Many investors fret over the sudden market drop right before they retire. What happens if one was to retire in January of 2019? Everything looks great and then suddenly a bear market hits. All is not lost. If she follows our advice and builds an income-producing portfolio, the income yields have risen as stock prices dropped. If an investment worth $1,000 pays $50 per year in income and then drops in value by 20 percent (a full bear market drop), then that same $50 can now be produced with an $800 investment. In investment speak we say the yield went from 5 percent to 6.25 percent.
No one likes it when the market goes down instead of up, but it is the way investing works. We take three steps forward and two back. The secret is weathering the downturns well. The prudent investor doesn’t just sit there passively with his head buried in the sand; He uses it as an opportunity and deals with the actual circumstances at hand, for prudent investors know that no matter how one defines long term, that it is really just every short-term period added together. The ocean will be flat again after the storm has passed, but only the prudent skippers’ ships will still be afloat.
Chuck Osborne, CFA, Managing Director
The 3rd quarter 2018 GDP growth came in at 3.4 percent which was after a 4.2 percent number the quarter before. The final quarter of the year is estimated to be a little slower, but this is the best sustained growth we have seen in the U.S. in a very long time.
The official unemployment rate is 3.9 percent in August. This is the longest sustained under 4 percent rate since the 1960s. Wages are growing at more than 3 percent, which means real wage growth.
Inflation is 1.9 percent based on the latest consumer price index report. That is a lower rate than earlier this year. Put all together, this is simply the best economy we have seen in my professional career. +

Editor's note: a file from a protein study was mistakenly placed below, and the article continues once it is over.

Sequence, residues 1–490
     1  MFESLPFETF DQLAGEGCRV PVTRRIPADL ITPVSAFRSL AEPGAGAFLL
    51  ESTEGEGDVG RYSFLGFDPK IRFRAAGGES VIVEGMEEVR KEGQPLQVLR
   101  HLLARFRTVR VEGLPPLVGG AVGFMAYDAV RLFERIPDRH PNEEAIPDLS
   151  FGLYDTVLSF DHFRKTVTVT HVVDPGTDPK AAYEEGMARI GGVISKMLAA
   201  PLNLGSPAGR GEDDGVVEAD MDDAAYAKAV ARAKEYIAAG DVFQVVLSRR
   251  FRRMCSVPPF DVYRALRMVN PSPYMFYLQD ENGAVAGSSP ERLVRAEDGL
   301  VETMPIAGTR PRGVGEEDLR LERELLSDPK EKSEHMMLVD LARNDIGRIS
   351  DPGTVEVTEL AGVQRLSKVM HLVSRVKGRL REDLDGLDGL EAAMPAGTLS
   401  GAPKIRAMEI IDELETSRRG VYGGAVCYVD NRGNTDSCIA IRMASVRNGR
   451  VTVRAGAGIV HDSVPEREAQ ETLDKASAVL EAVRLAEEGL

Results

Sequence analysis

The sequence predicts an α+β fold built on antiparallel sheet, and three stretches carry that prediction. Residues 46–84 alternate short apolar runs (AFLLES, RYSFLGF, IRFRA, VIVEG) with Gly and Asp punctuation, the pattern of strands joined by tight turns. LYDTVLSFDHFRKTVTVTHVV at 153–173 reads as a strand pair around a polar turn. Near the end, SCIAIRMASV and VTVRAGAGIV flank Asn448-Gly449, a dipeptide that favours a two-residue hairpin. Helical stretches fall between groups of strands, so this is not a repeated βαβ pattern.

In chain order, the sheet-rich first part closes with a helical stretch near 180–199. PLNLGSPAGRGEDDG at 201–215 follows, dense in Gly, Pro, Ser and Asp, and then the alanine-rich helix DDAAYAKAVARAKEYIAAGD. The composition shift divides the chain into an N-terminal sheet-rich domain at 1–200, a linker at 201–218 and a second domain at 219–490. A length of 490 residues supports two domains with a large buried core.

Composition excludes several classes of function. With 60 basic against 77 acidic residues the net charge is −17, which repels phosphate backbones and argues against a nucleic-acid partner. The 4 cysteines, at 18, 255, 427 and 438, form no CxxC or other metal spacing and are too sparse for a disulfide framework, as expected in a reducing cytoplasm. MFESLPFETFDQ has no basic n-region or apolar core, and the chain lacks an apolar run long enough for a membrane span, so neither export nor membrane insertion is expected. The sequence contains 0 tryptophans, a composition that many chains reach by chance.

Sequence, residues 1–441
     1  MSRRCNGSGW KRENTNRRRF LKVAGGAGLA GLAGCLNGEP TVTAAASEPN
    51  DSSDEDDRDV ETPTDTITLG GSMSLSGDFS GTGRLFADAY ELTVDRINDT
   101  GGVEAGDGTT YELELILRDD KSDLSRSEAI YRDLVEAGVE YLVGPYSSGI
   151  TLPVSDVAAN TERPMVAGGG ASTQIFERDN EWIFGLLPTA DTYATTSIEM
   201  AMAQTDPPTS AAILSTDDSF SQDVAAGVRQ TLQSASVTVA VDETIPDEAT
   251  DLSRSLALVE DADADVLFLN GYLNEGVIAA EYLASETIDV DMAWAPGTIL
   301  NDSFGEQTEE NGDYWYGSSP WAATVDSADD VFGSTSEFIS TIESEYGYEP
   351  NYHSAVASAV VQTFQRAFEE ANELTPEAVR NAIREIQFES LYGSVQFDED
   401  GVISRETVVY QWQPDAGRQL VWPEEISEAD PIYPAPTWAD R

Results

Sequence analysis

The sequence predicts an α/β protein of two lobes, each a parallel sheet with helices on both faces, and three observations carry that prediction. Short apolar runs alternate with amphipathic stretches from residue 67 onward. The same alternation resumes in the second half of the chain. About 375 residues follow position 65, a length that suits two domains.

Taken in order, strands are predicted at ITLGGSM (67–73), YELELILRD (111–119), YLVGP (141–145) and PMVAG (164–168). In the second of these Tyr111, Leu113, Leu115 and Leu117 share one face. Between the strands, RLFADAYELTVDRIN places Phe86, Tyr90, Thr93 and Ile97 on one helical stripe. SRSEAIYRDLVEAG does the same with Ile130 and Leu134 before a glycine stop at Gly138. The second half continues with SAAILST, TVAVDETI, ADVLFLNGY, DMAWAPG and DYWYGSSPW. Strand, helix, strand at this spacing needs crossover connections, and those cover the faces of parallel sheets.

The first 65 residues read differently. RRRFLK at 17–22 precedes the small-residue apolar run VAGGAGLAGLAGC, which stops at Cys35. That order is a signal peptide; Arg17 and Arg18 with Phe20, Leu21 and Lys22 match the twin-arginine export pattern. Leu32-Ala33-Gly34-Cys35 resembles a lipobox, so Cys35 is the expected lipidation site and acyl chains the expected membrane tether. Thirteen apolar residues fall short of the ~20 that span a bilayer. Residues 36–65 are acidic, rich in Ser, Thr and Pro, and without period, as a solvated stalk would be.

Markets plunge. For the quarter the S&P 500 finished down 13.52 percent and small company stocks represented by the Russell 2000 index were down 20.20 percent. Value actually did a little better than growth but not by much. There was really no place to hide.
Bonds did rally as stock prices fell. The Barclays U.S. Aggregate Bond index ended up 1.64 percent. High yield bonds, however, were down 4.64 percent.
International stocks suffered as well. The EAFE index finished down 12.50 percent while the MSCI Emerging Markets index ended the quarter down 7.40 percent. +
Eventually, markets must reflect reality. The economy is great and stocks sell off? That cannot last forever and we suspect that stocks will rally in 2019.
Small company stocks should do better as should value stocks. Emerging markets still look attractive and has outperformed on a relative basis this past quarter. That bodes well. International stocks may carry more risk as the economies are not as strong in Europe and developed Asia.
Bonds are doing their job and reducing volatility by remaining stable in the downturn. Yields have dropped once again and are likely to go back up as stocks rally. +